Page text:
FORT WAYNE, Ind. (Indiana’s NewsCenter) – Dr. Alveda King, niece of Dr. Martin Luther King, Jr. shared her life story at IPFW Wednesday night in honor of Black History Month.
Dr. Alveda King was casual and candid about her life and how it shaped the person she is today. But her messages about abortion and equality didn't set right with everyone in attendance.
“I’m definitely going to discuss issues of life, liberty, and the pursuit of happiness, and the civil rights of all people from fertilization until natural death,” Dr. King said. “I believe that I will bring a fresh concept and some things that need to be discussed.”
Dr. King is a professor, pastor, philanthropist and former Georgia State Representative. She is the daughter of civil rights activists Rev. A.D. King and Naomi Barber King. Her uncle was Dr. Martin Luther King. During her speech, she shared what it was like growing up in the King family during the civil rights movement. She says her childhood home in Birmingham, AL, and her father’s office in Louisville, KY, were bombed. She was also jailed as a youth in the 1960’s.
Dr. King spoke about the “Birth Control/Abortion” movement and how she was coerced into having an abortion by a doctor in an effort to sterilize Black women. Despite her first experience, Dr. King was a self-described Pro-Choice advocate who thoroughly believed every woman has the right to choose what she will do with her body. She had a second abortion voluntarily. Dr. King says it wasn’t until the 1970’s, before her third abortion, did she change her mind. She says she saw the ultrasound, saw the heartbeat and remembered that her Grandfather, "Daddy King," told her the baby was an actual person.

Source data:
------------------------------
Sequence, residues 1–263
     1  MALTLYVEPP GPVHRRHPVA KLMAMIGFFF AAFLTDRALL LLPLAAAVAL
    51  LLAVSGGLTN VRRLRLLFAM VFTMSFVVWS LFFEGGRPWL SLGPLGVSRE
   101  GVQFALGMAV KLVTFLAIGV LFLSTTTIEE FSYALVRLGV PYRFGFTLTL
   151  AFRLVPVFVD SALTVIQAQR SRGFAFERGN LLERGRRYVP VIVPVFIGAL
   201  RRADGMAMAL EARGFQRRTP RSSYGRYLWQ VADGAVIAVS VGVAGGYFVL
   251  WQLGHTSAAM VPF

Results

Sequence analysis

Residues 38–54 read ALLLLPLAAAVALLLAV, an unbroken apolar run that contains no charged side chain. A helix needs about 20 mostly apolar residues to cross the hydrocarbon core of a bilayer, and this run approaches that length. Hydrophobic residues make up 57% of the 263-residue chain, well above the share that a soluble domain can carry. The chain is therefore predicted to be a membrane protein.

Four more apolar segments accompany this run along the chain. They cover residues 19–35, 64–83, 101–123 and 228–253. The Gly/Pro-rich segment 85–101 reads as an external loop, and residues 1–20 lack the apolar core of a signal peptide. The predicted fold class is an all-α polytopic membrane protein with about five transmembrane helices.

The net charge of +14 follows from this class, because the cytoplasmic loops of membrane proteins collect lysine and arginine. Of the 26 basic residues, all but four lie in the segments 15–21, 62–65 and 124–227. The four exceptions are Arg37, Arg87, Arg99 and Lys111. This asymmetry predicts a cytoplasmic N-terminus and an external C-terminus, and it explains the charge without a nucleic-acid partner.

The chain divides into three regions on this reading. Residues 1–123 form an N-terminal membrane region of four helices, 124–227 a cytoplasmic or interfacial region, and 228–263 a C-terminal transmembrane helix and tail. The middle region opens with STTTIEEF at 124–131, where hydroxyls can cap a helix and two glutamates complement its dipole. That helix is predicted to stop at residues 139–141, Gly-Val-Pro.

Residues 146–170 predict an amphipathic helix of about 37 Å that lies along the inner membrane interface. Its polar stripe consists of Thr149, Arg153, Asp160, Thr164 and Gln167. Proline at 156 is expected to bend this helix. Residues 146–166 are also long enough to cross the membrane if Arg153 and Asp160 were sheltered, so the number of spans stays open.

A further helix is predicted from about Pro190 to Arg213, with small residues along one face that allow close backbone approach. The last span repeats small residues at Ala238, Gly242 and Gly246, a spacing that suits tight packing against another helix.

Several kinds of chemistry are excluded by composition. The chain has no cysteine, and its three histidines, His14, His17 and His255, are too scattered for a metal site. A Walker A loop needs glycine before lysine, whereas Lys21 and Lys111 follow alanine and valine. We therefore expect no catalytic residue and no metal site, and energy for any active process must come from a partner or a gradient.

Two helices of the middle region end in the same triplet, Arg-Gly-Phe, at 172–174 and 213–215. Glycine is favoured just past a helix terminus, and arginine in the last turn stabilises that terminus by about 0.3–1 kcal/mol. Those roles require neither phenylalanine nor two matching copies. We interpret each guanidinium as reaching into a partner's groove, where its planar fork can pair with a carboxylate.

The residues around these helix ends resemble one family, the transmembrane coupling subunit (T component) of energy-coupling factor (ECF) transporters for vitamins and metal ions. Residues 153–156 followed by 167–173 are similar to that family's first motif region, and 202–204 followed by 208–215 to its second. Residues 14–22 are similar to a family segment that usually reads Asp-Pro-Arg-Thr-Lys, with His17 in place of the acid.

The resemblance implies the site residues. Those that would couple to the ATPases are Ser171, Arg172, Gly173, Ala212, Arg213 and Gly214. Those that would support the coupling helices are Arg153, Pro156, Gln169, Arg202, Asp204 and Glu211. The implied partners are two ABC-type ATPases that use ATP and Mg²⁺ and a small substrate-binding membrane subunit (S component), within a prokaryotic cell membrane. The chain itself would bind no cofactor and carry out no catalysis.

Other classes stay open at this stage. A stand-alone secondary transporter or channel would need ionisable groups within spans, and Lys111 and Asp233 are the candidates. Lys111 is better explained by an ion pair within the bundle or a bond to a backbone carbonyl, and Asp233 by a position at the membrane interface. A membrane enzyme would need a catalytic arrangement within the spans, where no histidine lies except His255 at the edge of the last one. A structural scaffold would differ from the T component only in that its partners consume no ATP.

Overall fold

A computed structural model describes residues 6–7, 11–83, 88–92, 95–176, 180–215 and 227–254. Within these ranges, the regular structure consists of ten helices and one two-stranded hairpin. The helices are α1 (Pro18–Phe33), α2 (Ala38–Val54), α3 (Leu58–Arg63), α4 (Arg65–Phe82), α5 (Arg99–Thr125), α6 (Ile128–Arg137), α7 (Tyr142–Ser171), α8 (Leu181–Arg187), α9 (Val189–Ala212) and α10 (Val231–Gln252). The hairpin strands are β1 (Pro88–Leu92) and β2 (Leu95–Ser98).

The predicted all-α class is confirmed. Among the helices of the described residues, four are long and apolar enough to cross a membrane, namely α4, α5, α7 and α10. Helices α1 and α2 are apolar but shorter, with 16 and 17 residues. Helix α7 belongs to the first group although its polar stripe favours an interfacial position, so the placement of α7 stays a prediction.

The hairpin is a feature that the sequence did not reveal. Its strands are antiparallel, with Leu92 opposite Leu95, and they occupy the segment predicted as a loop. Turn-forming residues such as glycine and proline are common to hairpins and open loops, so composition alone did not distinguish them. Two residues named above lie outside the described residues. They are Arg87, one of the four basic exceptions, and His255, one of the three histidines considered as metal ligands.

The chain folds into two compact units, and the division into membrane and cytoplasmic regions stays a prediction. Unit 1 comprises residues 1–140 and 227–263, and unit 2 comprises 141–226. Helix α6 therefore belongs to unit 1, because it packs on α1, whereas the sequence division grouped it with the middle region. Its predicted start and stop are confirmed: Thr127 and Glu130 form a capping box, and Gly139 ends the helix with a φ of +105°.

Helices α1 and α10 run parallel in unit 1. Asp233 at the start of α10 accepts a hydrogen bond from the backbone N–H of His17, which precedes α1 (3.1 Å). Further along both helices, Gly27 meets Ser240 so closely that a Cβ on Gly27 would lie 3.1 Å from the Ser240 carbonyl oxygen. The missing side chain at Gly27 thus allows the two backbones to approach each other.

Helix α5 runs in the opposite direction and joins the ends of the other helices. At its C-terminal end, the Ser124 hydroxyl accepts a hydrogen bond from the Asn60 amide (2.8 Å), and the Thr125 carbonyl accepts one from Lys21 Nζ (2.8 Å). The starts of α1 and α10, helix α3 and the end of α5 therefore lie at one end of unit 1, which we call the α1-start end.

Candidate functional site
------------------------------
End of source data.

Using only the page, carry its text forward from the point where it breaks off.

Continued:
Now, Dr. King says she’s Pro-Life, and that every person has the right to be born. However, she still admitted in her belief of a woman’s right to choose. “If we can find a way to abort the baby, but not kill the baby, then do that," Dr. King said.
Dr. King also strongly echoed her uncle’s beliefs of civil rights and equality for all. She says her motto is, “injustice anywhere is a threat to justice everywhere,” a quote from one her uncle’s many speeches. Dr. King believes everyone are brothers and sisters under God, and that there is only one race—the human race.
But her overall message of equality and civil rights was over-shadowed by past statements on gay rights. Many IPFW students with the United Sexualities group on campus attended Dr. King’s speech. Mari Love is a student at IPFW and part of the LGBT community. Love asked Dr. King how she can advocate civil rights, but not gay rights.
“She's not carrying on the message of Dr. Martin Luther King, which is equality for everyone no matter your race, sexuality,” Love said. “No matter what was going on in your world he was fighting for equality for everyone and we feel like her message is flawed.”
Love says in the Q&A portion of the night, Dr. King only gave “politically correct” answers, and never directly answered questions about her stance on gay rights.
“She was avoiding the point of all the LGBTQ students being here tonight,” said Love. “You can’t fight for civil rights and not fight for our rights too. A lot of the times she answered the questions by directly connecting it with abortion saying that she feels like all people have the right to life, which is not our issue.”
Dr. King says as a Christian, she believes being gay is wrong but still believes in human rights. She’s worked with many gay people and even has a gay family member. Dr. King went on to say everyone has equal human rights no matter if they're gay or straight.
“I believe that as teacher and as a member of the family of Dr. Martin Luther King, the most important thing to always convey is love,” Dr. King said. “And, that's love towards brothers and sisters. We are all one human race and people may have forgotten that or may not ever have heard that message.”
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